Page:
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Home Remedies for Simple Baby Ailments


What do you do when your baby has a fever or tummy ache, or she can't breathe because of a stuffy nose? With so many over-the-counter medications available for relieving infant ailments, it's easy to reach for one. After all, they do the trick. But there is a downside. The fever reducer or decongestant that's in the drugstore today might be tomorrow's recall. Already, the FDA has withdrawn several baby cold and cough remedies, issued warnings on others and is being advised to regulate Tylenol, the number one cause of liver failure in the U.S.

Home remedies are a worthy option – especially for your baby’s developing immune systems. They’re natural and safe for your child, and may well alleviate his symptoms as well as medications. After all, they've been put to the test by generations of moms who, just like you, were trying to do the best thing for their babies. Still skeptical? Consider this: If someone once took the trouble of mashing garlic cloves and applying them on the soles of their baby’s feet to lower their high fever, and it worked for them, why shouldn’t it work for you?

Here are some tried-and-true methods for treating common baby ailments with home remedies.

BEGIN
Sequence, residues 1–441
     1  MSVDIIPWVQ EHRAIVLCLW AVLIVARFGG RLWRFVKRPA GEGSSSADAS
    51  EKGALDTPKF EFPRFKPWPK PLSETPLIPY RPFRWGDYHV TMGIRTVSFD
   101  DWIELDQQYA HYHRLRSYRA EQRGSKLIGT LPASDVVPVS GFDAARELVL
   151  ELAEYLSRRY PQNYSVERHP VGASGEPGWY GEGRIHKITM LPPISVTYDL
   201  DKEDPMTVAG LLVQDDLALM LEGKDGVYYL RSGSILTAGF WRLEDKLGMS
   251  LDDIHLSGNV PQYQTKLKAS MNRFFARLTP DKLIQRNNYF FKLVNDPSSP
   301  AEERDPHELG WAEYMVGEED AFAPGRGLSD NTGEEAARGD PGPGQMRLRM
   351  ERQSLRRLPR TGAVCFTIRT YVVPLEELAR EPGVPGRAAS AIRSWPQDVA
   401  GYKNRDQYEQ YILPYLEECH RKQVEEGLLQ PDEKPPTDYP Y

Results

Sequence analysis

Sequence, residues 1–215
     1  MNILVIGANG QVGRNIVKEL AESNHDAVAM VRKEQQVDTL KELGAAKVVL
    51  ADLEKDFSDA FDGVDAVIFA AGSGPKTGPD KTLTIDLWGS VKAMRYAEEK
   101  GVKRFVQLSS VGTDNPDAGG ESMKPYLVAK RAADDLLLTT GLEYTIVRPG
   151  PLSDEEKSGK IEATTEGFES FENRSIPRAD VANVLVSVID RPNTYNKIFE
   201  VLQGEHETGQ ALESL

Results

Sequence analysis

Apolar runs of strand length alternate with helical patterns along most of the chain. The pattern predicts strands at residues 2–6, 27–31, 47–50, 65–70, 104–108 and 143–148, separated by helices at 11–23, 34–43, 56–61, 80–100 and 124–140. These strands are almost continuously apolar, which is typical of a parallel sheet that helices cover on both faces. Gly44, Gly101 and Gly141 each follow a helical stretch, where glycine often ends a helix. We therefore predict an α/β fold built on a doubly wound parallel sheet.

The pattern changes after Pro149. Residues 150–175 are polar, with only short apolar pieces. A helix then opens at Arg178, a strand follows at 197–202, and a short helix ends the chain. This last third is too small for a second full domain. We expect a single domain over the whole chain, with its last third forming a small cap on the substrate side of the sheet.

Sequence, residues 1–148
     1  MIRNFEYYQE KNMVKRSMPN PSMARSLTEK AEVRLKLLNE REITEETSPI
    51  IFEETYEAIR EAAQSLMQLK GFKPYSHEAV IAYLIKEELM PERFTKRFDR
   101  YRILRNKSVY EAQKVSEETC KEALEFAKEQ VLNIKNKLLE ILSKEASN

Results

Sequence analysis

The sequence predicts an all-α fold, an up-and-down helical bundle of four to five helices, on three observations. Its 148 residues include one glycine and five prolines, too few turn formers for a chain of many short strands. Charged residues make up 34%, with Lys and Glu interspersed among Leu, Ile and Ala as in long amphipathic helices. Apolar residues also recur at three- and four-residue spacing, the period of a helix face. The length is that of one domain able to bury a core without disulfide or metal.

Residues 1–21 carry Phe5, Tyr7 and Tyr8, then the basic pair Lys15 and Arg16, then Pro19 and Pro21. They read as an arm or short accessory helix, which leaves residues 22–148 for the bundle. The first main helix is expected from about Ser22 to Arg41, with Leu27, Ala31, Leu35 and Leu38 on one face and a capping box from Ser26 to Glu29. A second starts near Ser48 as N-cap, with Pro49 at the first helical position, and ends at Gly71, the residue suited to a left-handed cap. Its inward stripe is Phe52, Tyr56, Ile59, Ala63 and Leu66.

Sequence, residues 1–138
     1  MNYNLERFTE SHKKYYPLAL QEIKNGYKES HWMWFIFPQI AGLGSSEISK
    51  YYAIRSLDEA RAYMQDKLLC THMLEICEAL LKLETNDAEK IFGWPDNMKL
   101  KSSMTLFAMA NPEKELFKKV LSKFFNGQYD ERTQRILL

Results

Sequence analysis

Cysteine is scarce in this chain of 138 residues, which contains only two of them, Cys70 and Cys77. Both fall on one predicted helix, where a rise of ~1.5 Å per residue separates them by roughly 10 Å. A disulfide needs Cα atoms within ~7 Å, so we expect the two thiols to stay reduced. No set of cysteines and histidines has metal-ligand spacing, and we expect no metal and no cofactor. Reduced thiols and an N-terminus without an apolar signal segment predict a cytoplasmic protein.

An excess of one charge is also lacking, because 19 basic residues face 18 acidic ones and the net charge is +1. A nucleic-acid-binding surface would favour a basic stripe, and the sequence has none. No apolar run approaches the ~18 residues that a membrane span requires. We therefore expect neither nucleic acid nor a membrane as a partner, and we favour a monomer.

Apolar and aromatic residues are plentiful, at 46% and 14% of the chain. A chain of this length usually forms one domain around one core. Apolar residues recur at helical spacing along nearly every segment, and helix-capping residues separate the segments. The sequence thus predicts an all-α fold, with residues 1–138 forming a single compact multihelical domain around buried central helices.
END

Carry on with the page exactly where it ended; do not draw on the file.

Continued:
A fever is the body’s natural defense against infection - its heat effectively kills the infection - so in most cases, it's best to let it run its course. However, especially if your baby's temperature is especially high  (over 101 degrees) or she can't get comfortable, you can take steps to lower it and relieve discomfort. (Do call the doctor before relying on home fever remedies, however).

  • Start undressing your baby. Simply uncover her feet, hands and head to help her body temperature will decrease.
  • Use wet compresses. Soak a clean kitchen towel or facecloth in cool water and place it in the fridge for 15 minutes. Then apply to baby’s forehead, neck and cheeks.
  • Bathe your baby. If compresses don't do the trick, sitting in a lukewarm bath for at least 20 minutes might. Having toys, bubbles or a waterproof book in the tub will help make the time go faster.
  • Hydrate your baby. Whatever method you use to lower your baby's temperature, remember that he needs lots of fluids to replace those lost while he’s hot and perspiring. Be sure to give your baby extra opportunities to drink; babies who are breastfed should be allowed to nurse more often. (Be wary of giving any baby water for hydration).

Some home fever remedies are a little more time consuming - you might even say weird - but  they've worked for some people.

  • Try vinegar. Wet your baby's hands and feet with white vinegar. Or, for a longer lasting application, soak a pair of baby socks and gloves in vinegar and put them on your child.
  • Use egg whites. Rub the whites on the soles of your baby’s feet.
  • Give your baby garlic feet. Rub some mashed garlic on the soles of your baby’s feet and then tie gauze around them to keep the garlic on, leaving some open areas for the heat to leave the body.